How To View Block Devices And File System Under RHEL7 -Tutorial
Under RHEL7 view block devices & filesystem is more or less same as we used to do it under RHEL6. Lets understand some interesting commands to view block devices and filesystem under RHEL7.
lsblk:lsblk command allows you to display a list of available block devices.
lsblk command displays the device name (NAME), major and minor device number (MAJ:MIN), if the device is removable (RM), what is its size (SIZE), if the device is read-only (RO), what type is it (T YPE), and where the device is mounted (MOUNT POINT ). Reember, by default lsblk command shows ouput in tree format. To display the information as an ordinary list, add the -l command line option.
blkid command, as was under RHEL6, in RHEL7 is used to view information about available block devices.
Be default, the blkid command displays available attributes such as its universally unique identifier (UUID), file system type (T YPE), or volume label (LABEL), as in command one, in above snapshot.
Further, you can also use the above command with the -p and -o udev command line options to obtain more detailed information. You need to have root privileges to run the third command in above snapshot.
findmnt:findmnt command allows you to display a list of currently mounted file systems. findmnt command displays the target mount point (TARGET ), source device (SOURCE), file system type (FSTYPE), and relevant mount options (OPT IONS).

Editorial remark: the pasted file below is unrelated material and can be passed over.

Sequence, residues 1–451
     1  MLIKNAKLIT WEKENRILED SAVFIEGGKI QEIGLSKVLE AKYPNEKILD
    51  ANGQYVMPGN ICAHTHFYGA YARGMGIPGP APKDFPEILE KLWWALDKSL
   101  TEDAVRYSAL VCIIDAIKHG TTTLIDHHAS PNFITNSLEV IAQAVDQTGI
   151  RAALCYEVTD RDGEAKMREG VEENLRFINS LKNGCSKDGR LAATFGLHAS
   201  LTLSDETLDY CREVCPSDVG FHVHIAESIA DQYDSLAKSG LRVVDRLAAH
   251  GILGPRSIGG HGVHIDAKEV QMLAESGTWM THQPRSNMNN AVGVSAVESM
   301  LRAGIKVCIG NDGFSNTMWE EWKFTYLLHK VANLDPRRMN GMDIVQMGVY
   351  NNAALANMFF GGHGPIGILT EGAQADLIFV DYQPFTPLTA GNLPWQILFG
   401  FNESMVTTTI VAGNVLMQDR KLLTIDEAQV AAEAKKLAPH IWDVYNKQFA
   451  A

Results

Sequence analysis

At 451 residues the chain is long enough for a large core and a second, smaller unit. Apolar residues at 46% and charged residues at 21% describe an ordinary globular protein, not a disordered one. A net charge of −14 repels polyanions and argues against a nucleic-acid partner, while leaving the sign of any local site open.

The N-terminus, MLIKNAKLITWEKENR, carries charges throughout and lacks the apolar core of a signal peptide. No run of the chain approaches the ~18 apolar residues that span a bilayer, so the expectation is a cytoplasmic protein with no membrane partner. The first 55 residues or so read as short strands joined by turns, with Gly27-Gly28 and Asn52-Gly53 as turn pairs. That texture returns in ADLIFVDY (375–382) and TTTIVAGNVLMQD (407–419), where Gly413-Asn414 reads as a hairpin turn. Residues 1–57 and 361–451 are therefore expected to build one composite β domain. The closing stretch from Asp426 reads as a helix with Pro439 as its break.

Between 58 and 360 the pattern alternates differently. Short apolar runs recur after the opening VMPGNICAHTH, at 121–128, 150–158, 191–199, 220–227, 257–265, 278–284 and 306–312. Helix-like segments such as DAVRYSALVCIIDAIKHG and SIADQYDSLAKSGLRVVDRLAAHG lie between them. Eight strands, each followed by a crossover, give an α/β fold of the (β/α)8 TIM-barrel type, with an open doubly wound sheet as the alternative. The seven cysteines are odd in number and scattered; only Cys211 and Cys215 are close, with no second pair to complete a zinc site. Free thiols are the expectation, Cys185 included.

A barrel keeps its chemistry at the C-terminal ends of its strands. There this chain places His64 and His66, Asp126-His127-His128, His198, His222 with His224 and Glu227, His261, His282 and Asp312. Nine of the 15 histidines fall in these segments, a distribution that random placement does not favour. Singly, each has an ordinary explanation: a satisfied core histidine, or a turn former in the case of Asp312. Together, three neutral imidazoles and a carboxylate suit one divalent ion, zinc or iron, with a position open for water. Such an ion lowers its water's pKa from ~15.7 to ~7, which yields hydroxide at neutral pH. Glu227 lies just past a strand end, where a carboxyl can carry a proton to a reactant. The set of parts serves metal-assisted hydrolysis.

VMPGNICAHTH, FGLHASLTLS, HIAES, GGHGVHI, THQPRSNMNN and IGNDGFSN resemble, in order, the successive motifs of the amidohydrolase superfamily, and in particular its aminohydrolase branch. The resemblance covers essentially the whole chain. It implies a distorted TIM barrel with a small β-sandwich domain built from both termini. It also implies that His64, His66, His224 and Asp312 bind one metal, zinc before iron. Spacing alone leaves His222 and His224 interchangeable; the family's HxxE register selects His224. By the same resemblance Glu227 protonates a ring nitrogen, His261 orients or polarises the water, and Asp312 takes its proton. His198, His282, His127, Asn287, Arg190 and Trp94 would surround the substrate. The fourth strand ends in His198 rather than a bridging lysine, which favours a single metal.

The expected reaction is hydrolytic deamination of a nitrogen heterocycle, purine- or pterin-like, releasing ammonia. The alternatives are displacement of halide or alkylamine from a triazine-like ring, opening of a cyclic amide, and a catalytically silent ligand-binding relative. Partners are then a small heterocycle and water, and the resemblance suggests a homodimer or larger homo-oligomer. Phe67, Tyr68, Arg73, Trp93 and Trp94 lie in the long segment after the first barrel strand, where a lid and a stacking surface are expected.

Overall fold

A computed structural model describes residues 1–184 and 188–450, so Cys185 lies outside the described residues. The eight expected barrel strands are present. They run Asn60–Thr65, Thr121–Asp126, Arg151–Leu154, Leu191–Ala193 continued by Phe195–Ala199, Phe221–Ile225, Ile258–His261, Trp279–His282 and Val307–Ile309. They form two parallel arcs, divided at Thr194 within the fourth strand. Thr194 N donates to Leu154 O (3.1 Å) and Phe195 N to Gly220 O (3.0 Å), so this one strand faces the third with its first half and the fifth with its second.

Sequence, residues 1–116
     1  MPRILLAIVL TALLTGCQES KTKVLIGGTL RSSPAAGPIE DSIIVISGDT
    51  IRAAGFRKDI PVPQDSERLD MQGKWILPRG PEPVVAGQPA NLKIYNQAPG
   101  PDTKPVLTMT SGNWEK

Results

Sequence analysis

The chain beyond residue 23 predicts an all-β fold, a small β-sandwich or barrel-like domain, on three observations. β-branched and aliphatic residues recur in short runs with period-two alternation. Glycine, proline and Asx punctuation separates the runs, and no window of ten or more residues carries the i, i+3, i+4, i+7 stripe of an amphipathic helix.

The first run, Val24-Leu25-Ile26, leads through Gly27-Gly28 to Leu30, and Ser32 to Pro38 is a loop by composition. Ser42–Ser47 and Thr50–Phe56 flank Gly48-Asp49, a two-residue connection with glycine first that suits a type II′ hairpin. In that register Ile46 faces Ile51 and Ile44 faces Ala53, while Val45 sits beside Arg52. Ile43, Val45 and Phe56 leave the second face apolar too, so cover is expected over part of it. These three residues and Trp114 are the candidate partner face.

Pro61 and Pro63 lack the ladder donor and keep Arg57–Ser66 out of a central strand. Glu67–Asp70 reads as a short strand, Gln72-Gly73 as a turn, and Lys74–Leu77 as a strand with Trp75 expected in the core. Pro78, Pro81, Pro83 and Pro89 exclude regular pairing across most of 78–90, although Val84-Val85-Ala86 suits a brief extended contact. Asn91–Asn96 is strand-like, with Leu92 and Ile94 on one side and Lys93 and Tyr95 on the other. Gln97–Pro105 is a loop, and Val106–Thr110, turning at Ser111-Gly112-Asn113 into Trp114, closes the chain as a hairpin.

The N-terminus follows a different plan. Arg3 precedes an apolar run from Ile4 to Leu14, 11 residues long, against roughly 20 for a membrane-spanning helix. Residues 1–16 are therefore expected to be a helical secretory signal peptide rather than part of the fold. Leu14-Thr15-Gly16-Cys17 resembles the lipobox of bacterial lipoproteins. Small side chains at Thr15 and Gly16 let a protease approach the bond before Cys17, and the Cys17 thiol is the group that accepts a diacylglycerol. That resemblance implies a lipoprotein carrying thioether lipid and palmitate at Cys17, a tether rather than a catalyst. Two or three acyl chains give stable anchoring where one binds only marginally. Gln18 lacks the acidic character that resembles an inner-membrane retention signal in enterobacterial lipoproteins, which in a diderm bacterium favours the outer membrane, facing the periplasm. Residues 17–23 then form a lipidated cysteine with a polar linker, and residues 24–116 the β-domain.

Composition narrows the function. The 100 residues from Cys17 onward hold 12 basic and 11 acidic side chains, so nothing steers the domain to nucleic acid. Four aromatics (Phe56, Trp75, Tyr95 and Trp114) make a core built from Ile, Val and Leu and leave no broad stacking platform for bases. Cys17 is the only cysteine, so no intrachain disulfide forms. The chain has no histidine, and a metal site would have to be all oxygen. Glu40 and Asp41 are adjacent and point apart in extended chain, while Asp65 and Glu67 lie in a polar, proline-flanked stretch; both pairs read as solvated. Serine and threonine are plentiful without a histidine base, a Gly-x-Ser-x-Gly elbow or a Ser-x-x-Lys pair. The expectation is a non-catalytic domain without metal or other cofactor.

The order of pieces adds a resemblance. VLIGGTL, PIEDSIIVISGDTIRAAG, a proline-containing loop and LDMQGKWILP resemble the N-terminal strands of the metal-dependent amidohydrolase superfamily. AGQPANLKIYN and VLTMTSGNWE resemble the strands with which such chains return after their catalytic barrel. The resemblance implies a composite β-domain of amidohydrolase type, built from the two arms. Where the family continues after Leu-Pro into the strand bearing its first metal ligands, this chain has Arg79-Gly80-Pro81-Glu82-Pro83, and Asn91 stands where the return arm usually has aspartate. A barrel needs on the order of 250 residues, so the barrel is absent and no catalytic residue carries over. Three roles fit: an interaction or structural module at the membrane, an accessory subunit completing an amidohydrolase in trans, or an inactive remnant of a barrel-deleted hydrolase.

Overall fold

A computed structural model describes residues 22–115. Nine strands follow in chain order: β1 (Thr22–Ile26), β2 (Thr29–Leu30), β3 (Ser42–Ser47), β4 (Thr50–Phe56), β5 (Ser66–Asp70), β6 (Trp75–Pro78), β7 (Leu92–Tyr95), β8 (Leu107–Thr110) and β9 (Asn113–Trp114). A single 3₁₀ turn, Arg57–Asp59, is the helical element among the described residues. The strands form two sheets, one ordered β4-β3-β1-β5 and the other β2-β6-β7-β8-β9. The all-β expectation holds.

Exactly like in RHEL6, here in RHEL7 df command allows you to display a detailed report on the system’s disk space usage. df command displays its name (Filesystem ), size (1K-blocks or Size), how much space is used (Used), how much space is still available (Available), the percentage of space usage (Use%), and where is the file system mounted (Mounted on).
Similar like in RHEL6, the df command in RHEL7 shows the partition size in 1 kilobyte blocks and the amount of used and available disk space in kilobytes. To view the information in megabytes and gigabytes, supply the -h command line option, human-readable format.
Like lsblk command, findmnt lists file systems in a tree-like format. To display the information as an ordinary list, add the -l command line option.
du command allows you to displays the amount of space that is being used by files in a directory. Like df, du command displays the disk usage in kilobytes. To view the information in megabytes and gigabytes, supply the -h command line option and to get the summary information only use -s option.
And lastly, you have the gnome-system-monitor tool in rhel7 viewing block devices & file system.
This tutorial has written by Alok Srivastava. He is the founder of Network Nuts, India's most loved Linux training company.